February 29, 2016
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You can leave your measuring tape at home — Subway has agreed to take all of the steps necessary to make sure its footlong sandwiches aren't 11 inches, or even 11-and-a-half, but a full 12.

After a teenager shared a photo on Facebook in 2013 showing a footlong Subway sandwich measuring up to only 11 inches, a class-action lawsuit was filed against the chain. A judge granted the final approval to a settlement on Feb. 25, with Subway agreeing to spend the next four years taking measures to ensure that its bread is at least 12 inches long. Franchisees will also use tools to measure their bread, which arrives at individual Subway locations frozen.

After the dough sticks are thawed and stretched, they can change in size and shape. While the amount of meat and cheese placed on the bread is standard, the judge said that it's possible people are losing out on toppings when the bread is half-an-inch shorter, The Associated Press reports. But in practice, since people do watch as their sandwiches are assembled, they can ask for more items and "the bread does not affect the quantity of food the customer receives," the judge said. The 10 individuals in the suit will receive $500, but potential members of the class won't be receiving any money. "It was difficult to prove monetary damages, because everybody ate the evidence," said attorney Thomas Zimmerman. Catherine Garcia

4:42 p.m. ET
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A Wisconsin city clerk fought adding an early voting site near a college campus because "students lean more towards the Democrats." Green Bay clerk Kris Teske pressed the state's Elections Commission by email to oppose the polling station at the University of Wisconsin-Green Bay, even though the site would be open for all city residents to use, not just students. Long primary voting lines last spring led the courts to order more polling stations, The Nation reports, but Teske sought to evade the order by arguing that campus polling booths were "encouraging students to vote more than benefiting the city as a whole."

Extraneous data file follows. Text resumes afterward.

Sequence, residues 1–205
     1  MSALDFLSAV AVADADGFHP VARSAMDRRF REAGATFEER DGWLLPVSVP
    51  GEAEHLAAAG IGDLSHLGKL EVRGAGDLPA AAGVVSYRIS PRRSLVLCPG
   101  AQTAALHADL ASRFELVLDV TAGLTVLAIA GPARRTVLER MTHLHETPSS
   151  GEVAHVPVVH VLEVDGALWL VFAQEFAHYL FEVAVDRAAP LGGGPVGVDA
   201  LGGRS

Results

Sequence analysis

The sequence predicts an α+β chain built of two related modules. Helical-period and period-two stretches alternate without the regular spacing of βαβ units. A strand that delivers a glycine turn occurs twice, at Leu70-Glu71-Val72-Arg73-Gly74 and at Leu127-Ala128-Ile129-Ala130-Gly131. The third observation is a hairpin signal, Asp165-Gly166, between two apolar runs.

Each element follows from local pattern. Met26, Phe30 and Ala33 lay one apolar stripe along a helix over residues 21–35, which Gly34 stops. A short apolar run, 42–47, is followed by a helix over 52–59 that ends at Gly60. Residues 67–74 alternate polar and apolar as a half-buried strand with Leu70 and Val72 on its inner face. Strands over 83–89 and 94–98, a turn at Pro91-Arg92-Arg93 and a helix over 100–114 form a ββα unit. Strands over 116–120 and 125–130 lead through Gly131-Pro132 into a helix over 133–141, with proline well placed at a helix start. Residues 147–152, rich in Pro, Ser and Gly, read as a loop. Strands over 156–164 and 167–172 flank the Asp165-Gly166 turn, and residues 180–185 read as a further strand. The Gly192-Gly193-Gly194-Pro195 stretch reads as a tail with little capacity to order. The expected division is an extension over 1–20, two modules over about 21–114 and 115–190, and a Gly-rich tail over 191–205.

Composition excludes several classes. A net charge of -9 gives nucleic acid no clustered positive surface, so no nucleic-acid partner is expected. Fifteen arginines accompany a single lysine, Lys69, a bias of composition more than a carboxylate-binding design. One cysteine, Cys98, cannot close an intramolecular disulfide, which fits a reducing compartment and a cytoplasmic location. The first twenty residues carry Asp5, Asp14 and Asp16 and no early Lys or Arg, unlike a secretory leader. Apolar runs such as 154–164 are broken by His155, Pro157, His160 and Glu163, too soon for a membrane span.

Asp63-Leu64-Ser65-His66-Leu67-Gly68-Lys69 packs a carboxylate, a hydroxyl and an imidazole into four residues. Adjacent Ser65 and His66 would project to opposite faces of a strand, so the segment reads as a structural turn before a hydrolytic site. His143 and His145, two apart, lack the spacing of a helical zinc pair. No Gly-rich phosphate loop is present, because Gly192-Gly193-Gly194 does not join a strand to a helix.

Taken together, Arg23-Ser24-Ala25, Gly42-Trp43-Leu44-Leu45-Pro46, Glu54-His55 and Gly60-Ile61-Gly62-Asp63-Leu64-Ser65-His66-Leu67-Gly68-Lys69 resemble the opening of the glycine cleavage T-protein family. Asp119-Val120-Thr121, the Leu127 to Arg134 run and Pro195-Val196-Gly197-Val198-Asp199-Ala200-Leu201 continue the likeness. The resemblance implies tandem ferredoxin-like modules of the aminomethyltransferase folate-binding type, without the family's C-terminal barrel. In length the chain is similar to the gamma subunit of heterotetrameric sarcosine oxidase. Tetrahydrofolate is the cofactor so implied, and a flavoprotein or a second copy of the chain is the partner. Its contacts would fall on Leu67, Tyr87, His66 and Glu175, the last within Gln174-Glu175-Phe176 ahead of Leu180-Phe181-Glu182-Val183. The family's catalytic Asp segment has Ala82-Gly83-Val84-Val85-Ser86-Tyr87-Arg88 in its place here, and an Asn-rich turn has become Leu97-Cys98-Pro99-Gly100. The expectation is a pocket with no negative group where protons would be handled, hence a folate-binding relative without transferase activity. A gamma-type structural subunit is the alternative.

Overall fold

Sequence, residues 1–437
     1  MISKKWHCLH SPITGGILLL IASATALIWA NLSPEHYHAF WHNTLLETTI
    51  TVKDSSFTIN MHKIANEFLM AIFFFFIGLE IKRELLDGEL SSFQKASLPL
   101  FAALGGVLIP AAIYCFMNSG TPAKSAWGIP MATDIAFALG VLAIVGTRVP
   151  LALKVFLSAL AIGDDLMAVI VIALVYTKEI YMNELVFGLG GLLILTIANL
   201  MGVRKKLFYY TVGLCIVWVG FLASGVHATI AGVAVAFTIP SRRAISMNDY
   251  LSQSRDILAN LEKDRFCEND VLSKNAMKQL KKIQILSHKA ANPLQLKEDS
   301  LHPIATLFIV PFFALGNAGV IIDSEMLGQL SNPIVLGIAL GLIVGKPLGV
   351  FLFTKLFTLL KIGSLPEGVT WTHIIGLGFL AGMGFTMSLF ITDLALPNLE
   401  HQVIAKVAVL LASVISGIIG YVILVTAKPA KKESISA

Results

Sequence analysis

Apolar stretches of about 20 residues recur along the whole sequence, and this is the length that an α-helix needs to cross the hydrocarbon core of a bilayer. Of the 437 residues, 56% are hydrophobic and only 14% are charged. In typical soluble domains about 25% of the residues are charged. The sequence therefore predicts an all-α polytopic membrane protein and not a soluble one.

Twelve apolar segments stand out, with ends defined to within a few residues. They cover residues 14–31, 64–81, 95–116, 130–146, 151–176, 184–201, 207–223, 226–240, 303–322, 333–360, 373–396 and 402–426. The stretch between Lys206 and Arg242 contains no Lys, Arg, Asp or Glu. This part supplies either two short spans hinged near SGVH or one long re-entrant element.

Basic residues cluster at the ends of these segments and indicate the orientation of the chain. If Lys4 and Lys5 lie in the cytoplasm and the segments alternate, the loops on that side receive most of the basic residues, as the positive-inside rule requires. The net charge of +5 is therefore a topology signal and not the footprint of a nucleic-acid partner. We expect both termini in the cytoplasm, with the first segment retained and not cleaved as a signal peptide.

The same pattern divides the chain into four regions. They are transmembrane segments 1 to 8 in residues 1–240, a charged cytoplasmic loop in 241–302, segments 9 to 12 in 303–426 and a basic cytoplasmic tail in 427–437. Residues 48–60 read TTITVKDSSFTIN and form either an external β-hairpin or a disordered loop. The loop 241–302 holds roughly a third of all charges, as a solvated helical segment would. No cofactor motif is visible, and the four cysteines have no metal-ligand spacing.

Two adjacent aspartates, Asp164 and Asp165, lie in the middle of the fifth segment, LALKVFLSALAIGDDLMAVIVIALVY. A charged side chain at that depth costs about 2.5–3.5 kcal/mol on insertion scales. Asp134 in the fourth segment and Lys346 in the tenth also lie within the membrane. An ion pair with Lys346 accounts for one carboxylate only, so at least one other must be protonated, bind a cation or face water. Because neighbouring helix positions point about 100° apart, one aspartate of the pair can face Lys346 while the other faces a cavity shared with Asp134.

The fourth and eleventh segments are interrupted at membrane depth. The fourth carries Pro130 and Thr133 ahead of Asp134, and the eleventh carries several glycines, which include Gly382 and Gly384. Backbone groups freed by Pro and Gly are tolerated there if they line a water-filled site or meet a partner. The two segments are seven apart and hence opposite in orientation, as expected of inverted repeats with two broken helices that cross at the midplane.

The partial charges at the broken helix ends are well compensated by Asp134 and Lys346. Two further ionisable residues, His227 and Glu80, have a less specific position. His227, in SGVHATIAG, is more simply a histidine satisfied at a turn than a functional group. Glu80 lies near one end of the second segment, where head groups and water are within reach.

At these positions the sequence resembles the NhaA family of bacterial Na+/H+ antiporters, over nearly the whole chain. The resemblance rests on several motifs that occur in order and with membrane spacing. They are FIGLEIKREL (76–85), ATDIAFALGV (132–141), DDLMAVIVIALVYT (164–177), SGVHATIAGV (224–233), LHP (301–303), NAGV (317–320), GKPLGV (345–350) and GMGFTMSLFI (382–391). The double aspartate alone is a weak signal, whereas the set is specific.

The Elections Commission later released a statement saying it "did not participate in the city's ultimate decision" on whether to open more absentee voting locations, Wisconsin Public Radio reports. Currently the only place to vote absentee in Green Bay's is Teske's office.

The emails from Teske were made public by One Wisconsin Institute, a liberal organization working to strike down a handful of Wisconsin voting restrictions, including its voter ID law. The Week Staff

3:57 p.m. ET

The Supreme Court on Friday announced that it will hear a high schooler's challenge that he be allowed to use the bathroom at school that corresponds to his gender identity, not his biological sex.

Gavin Grimm, a transgender male student at a Virginia high school, initially sued the Gloucester County school district over its policy "limiting restroom use to students' biological sex," BuzzFeed News reports, but lost at the district court level before the 4th Circuit Court of Appeals found in his favor. Grimm's case centers on whether the school district's policy violates Title IX protection, which has been the Obama administration's position as the issue has gained prominence this year.

Grimm's case will be the Supreme Court's first consideration of transgender bathroom rules. Kimberly Alters

3:57 p.m. ET

Following the FBI's announcement Friday that it would be further reviewing emails potentially related to the investigation of Hillary Clinton's private email server, Clinton's campaign has responded by lashing out at FBI Director James Comey.

"It is extraordinary that we would see something like this just 11 days out from a presidential election," Clinton campaign chairman John Podesta said, claiming Comey "should immediately provide the American public more information than is contained in the letter." Podesta added that Comey already "declared no reasonable prosecutor would move forward with a case like this" when he recommended no criminal charges last summer, and that "Donald Trump and his Republican allies" in the intervening months "have been baselessly second-guessing the FBI."